of images; it was all very good. It has been months and a trip or two later and
I still miss Lucy and Neal, our servers. They were neat kids: Neal was a
talented dancer and Lucy was just stinkin’ cute with a great sense of humor.
The service was what we expected from Viking, but I will say that there was no
one except ‘hotel manager’, who was Italian, who didn’t need more practice with
English. The chef talked to me quite a bit, trying to make sure that I got the
right foods; he would make some things especially for me, but really encouraged
me to choose foods that didn’t require extra preparation – no chives was not a
problem; no onions was in some cases, particularly the Chinese dishes. However,
he and the maître d' did try their best to communicate with me. I loved all of
the noodle dishes and found that I could eat them daily without growing tired
of the flavors. Dave commented at the end of the trip that he could bypass
Asian food for a while once we got home; he was ready for a burger and fries.
|Left T to B: Soup, braised beef, mousse cake|
Right T to B: Fish cake, cheese plate
Weston (Bund Center, 88 Henan Central Road, Shanghai, Shanghai, 200002, China, 86-21-6335-1888) Dinner buffet was spectacular with on-demand food cooked to your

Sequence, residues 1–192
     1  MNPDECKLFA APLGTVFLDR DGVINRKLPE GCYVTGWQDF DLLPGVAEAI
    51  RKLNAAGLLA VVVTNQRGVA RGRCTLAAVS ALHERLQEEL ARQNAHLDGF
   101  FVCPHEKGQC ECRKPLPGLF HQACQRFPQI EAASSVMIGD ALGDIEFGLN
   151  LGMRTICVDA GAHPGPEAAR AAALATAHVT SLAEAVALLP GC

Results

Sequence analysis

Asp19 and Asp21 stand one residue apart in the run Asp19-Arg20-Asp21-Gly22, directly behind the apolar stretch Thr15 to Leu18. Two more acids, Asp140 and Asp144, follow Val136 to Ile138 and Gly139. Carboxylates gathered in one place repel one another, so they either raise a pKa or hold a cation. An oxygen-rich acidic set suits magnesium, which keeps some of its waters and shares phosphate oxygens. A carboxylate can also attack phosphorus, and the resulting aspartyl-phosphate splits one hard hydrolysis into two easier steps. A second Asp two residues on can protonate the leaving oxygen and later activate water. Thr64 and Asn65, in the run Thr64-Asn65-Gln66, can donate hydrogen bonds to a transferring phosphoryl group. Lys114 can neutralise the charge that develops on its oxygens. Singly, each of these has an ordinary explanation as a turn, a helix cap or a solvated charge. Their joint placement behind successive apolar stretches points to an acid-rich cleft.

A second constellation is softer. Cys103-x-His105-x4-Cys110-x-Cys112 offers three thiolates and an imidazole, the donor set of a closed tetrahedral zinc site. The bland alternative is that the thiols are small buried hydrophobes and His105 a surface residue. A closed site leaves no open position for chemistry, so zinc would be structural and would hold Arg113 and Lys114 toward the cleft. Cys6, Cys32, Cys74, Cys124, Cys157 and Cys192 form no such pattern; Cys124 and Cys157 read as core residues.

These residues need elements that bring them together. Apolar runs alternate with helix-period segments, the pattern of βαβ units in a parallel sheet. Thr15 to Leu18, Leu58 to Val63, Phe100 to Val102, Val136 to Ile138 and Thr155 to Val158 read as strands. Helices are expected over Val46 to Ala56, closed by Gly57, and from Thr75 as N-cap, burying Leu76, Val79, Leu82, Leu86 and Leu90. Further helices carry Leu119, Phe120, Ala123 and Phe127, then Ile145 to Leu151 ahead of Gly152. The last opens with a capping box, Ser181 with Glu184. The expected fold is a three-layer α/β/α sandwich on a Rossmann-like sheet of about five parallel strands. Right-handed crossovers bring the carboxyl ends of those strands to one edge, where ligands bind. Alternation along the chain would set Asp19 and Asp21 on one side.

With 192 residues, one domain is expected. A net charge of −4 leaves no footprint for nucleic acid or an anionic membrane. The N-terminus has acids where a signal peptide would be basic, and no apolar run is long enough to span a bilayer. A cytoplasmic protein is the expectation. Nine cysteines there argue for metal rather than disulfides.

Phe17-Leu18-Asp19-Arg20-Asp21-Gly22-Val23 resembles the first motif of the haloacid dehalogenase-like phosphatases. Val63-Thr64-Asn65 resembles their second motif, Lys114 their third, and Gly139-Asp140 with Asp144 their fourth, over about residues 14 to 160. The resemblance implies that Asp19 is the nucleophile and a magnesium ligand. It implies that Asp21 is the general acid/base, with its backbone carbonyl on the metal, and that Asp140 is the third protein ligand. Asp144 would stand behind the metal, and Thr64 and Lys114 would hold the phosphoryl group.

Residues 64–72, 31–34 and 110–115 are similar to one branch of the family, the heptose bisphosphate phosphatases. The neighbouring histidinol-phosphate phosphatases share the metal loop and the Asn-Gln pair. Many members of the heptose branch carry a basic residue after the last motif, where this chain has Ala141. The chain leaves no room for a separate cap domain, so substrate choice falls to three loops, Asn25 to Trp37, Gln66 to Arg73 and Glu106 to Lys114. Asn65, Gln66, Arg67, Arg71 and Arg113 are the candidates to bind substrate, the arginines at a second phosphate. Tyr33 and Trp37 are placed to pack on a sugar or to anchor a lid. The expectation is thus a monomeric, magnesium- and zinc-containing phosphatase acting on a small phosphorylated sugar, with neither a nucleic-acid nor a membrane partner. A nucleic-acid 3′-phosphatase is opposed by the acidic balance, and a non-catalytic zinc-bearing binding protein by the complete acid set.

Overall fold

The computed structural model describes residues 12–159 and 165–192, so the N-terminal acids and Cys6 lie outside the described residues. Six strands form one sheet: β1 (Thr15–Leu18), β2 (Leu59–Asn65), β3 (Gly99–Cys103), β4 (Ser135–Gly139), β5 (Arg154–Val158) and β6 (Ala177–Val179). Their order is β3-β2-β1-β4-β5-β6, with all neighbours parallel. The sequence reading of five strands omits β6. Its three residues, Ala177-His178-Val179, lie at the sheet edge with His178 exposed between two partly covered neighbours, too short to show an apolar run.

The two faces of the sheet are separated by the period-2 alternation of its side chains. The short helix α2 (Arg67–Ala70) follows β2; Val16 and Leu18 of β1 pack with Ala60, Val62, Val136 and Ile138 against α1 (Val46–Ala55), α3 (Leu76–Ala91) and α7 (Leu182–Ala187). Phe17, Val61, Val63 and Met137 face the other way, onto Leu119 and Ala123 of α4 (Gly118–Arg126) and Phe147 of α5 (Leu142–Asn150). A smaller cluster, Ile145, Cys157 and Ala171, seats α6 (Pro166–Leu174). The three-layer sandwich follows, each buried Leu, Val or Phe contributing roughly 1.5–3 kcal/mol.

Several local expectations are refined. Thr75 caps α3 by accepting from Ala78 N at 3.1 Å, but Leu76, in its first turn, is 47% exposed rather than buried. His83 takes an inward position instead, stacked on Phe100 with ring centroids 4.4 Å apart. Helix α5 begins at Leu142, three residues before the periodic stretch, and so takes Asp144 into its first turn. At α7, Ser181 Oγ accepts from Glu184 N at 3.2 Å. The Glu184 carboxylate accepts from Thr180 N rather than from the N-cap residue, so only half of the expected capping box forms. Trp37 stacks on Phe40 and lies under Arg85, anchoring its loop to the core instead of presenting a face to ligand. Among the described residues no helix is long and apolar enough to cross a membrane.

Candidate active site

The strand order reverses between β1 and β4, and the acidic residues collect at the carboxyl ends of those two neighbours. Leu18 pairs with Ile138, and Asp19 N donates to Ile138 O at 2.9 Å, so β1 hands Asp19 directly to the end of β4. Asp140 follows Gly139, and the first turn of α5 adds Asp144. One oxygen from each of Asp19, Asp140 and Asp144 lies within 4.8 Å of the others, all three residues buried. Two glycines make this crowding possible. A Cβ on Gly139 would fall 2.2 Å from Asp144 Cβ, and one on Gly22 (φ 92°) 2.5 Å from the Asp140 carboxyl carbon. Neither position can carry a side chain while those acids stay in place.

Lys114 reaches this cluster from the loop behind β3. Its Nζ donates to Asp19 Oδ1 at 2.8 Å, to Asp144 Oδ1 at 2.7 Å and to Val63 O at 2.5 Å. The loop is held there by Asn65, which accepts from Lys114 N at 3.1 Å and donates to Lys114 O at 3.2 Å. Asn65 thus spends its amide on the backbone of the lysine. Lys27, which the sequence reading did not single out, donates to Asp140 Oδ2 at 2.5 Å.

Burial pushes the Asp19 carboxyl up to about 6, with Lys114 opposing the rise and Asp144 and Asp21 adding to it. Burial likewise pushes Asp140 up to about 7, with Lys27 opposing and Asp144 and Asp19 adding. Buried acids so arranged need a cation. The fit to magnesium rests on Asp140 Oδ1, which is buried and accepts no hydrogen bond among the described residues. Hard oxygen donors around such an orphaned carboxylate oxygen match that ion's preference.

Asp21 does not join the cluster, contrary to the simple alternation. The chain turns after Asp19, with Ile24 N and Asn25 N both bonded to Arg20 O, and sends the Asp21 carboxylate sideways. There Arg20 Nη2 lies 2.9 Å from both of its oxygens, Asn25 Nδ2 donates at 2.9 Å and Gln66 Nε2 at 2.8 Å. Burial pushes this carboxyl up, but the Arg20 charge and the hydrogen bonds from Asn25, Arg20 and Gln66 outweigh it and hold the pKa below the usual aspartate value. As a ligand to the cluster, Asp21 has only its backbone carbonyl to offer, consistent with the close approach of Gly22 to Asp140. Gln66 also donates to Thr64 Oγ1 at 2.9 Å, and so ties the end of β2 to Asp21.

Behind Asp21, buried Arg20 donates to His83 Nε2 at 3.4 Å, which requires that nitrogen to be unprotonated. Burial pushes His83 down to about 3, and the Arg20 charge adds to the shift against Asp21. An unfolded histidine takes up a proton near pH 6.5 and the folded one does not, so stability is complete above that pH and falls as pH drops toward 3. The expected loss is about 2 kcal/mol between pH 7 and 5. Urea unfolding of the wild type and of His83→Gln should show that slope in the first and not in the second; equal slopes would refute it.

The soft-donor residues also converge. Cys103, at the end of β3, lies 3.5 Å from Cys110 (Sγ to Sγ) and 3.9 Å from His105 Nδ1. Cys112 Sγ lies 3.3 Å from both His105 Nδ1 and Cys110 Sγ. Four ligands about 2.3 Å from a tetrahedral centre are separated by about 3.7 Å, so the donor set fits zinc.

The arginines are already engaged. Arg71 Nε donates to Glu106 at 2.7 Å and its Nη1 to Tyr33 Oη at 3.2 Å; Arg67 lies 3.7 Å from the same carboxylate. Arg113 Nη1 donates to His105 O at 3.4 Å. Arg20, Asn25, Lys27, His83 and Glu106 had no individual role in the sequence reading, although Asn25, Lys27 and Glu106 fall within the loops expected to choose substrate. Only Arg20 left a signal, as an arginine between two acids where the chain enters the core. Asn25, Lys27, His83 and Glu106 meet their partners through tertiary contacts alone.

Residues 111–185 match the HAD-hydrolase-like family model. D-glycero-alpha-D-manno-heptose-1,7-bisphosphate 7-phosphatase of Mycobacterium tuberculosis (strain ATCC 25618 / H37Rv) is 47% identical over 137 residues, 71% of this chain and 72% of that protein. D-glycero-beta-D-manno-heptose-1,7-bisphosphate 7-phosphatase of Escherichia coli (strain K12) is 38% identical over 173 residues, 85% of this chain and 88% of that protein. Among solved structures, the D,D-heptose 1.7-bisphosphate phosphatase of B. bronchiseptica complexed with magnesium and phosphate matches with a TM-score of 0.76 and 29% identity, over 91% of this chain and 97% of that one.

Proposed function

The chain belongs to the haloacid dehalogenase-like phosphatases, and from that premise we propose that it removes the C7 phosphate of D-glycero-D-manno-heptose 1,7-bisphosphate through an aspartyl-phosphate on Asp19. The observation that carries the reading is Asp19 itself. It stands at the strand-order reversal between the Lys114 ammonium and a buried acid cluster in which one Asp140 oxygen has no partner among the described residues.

|Top: Tiny part of the buffet|
Bottom: Breakfast noodles
|Three and one-half carrots|
Food and shopping (various places during the trip) were standard lunch activities throughout the tour. And while they were certainly acceptable, only a couple particularly stood out. At the jade store they prepared a head of broccoli for me so that I would not go hungry by missing the one dish with onion in it. There was also something called ‘firewater’ that Dave and another guy drank – it was a lot like grappa. At the store that sold the Terracotta Warrior replicas there was a man making fresh noodles – fun to watch and good to eat.
Sheraton Xian Hotel (San Hao Lu, TuMen ShangQuan, Baoan Qu, Xian Shi, Shaanxi Sheng, China, 710077, +86 29 8426 1888) was, again, quite a comedown from our usual experiences. At breakfast, some of the food seemed to be left over from the previous day because it was cold although presented under a heat lamp. The fried eggs were like eating rubber. There was sushi that looked fresh and some hot cereal. The bread seemed day-old, too. Dave and I were under-whelmed.
What we did:
|Learning to play mayhjong|